The best way to make F1 cars harder to drive is to make them faster. That is the view of retired grand prix veteran David Coulthard, following reports the sport's governing FIA is concerned the chal...
The best way to make F1 cars harder to drive is to make them faster.
That is the view of retired grand prix veteran David Coulthard, following reports the sport's governing FIA is concerned the challenge of driving an F1 car today is 'too easy'.
That view has intensified recently as the age of F1 rookies, for instance the newly seventeen year old Max Verstappen who will drive on Friday at Suzuka, plummets dramatically.
"The FIA ... is said to be examining ways of making F1 cars harder to drive," correspondent Kevin Eason wrote in The Times.
"As drivers have become younger and leaner, F1's leaders are worried that the sport is no longer the highest examination of driver talent, skill and strength," he added.
It is part of why the FIA has suddenly clamped down on so-called 'driver coaching' over the pit-to-car radios, to end the appearance that the cars are even being piloted by remote control by engineers and boffins.
But Coulthard, whose own F1 career began just as the great Ayrton Senna's so tragically ended, thinks the FIA is wide of the mark to think radios are to blame for the sport's problems.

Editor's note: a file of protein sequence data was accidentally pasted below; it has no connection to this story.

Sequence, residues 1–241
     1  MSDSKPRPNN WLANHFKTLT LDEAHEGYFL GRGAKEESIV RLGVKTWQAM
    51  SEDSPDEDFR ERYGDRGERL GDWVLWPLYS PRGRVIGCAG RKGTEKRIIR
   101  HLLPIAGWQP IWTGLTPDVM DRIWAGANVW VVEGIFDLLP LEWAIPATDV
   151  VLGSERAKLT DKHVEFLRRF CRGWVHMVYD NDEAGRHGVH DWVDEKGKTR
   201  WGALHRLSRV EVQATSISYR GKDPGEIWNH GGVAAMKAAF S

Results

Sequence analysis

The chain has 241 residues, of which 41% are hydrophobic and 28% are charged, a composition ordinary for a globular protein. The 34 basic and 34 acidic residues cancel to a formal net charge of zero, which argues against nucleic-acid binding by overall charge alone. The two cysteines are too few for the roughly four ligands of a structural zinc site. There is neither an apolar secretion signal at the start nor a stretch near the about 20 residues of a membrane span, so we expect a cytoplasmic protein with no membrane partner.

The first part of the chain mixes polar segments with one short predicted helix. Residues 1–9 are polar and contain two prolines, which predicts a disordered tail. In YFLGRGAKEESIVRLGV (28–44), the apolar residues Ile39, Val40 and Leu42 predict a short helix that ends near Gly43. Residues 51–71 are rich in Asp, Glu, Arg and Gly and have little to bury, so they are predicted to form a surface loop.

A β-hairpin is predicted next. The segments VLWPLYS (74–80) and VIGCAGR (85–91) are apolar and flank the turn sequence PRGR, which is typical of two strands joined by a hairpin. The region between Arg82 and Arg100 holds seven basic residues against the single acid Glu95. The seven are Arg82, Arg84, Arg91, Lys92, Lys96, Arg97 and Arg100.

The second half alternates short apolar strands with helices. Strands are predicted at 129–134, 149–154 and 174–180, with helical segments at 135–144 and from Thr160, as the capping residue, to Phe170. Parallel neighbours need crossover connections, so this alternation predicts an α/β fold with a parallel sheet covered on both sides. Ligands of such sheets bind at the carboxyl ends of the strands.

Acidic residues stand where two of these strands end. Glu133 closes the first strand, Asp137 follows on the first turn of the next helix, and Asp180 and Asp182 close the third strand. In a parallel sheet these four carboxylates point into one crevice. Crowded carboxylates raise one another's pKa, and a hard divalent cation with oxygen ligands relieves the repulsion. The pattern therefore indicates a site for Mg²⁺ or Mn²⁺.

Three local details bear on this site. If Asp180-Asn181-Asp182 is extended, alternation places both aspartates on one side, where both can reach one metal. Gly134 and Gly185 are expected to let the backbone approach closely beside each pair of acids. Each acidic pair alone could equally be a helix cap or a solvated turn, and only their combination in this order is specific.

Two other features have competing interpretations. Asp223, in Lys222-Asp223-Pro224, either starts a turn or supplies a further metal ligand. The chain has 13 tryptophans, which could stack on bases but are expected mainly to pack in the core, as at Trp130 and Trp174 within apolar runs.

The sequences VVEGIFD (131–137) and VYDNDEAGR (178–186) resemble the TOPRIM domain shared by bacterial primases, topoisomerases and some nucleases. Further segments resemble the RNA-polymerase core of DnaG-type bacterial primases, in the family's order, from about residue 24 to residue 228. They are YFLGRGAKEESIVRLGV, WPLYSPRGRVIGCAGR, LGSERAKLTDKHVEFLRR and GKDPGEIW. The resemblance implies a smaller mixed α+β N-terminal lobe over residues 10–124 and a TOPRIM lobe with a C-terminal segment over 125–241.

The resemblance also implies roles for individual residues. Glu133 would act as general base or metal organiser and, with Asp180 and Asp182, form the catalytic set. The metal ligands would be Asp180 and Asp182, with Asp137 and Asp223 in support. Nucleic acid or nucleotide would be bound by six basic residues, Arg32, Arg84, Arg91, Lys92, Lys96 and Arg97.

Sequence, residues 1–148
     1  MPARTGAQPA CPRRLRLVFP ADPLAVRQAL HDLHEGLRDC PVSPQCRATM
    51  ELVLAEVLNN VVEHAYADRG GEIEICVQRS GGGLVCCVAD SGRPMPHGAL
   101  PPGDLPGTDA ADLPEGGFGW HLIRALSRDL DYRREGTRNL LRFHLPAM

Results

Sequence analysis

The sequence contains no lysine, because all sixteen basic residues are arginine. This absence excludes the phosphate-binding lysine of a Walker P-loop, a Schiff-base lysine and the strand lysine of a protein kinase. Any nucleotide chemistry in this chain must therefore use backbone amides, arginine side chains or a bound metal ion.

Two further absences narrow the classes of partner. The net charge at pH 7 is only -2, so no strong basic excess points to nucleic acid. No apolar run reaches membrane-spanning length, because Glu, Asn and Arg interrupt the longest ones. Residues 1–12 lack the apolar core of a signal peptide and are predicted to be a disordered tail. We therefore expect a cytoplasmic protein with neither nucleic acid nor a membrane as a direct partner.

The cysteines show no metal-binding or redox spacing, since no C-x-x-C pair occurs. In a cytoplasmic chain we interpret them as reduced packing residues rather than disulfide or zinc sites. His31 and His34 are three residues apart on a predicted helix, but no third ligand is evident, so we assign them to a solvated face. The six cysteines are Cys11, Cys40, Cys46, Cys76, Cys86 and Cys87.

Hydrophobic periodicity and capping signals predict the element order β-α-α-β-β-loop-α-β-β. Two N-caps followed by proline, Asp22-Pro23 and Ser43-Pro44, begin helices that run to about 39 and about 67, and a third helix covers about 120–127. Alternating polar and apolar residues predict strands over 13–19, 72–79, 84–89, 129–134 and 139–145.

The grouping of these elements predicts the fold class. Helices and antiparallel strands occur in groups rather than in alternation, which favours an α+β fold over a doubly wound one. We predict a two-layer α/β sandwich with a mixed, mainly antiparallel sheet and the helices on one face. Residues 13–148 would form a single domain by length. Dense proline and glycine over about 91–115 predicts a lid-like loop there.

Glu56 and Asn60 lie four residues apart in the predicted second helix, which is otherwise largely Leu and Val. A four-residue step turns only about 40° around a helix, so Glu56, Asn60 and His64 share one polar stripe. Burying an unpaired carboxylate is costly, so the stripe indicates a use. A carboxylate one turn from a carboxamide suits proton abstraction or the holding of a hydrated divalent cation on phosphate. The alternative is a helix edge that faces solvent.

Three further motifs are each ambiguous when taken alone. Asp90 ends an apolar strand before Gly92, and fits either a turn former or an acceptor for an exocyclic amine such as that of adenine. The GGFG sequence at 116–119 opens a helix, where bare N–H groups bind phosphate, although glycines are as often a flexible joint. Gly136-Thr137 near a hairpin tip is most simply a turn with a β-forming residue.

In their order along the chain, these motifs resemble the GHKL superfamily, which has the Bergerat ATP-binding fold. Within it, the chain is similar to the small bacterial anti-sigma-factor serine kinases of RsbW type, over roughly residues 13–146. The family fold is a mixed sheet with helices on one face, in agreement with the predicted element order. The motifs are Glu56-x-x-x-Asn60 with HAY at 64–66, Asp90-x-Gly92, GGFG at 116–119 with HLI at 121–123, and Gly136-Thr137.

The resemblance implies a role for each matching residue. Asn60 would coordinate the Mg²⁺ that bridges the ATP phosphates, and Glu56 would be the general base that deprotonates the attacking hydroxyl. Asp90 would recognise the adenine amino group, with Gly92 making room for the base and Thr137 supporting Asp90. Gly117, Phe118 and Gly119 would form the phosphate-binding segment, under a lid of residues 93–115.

"It (the clampdown) seems to be the answer to a question that no one was asking," he said in a column for the F1 sponsor UBS.
"I wasn't really aware of any grumbling," said the 43-year-old Scot, who today is a pundit for British television.
"In my opinion, if you want to make the cars harder to drive, make them faster. It is ironic that they are trying to find ways of making life more difficult for the drivers when the actual cars are slower than they were back in 2004," added Coulthard.
The former McLaren and Red Bull driver even thinks the radio clampdown is counterproductive, as it removes one of F1's "technological advancements" only to replace it with "another layer of bureaucracy and red tape".
"f someone offered you the chance to get rid of internet banking and go back to just making all your transactions the old-fashioned way, via a cashier, would you accept? Of course you wouldn't," said Coulthard.
"It would be a retrograde step; wilfully ignoring technology that already exists and that everyone was perfectly happy with anyway.
"As for the drivers I spoke to in Singapore last weekend, some were for it, some were against it, some were not fussed either way. I think that just about sums this whole issue up. It's all a bit of a nothing," he added.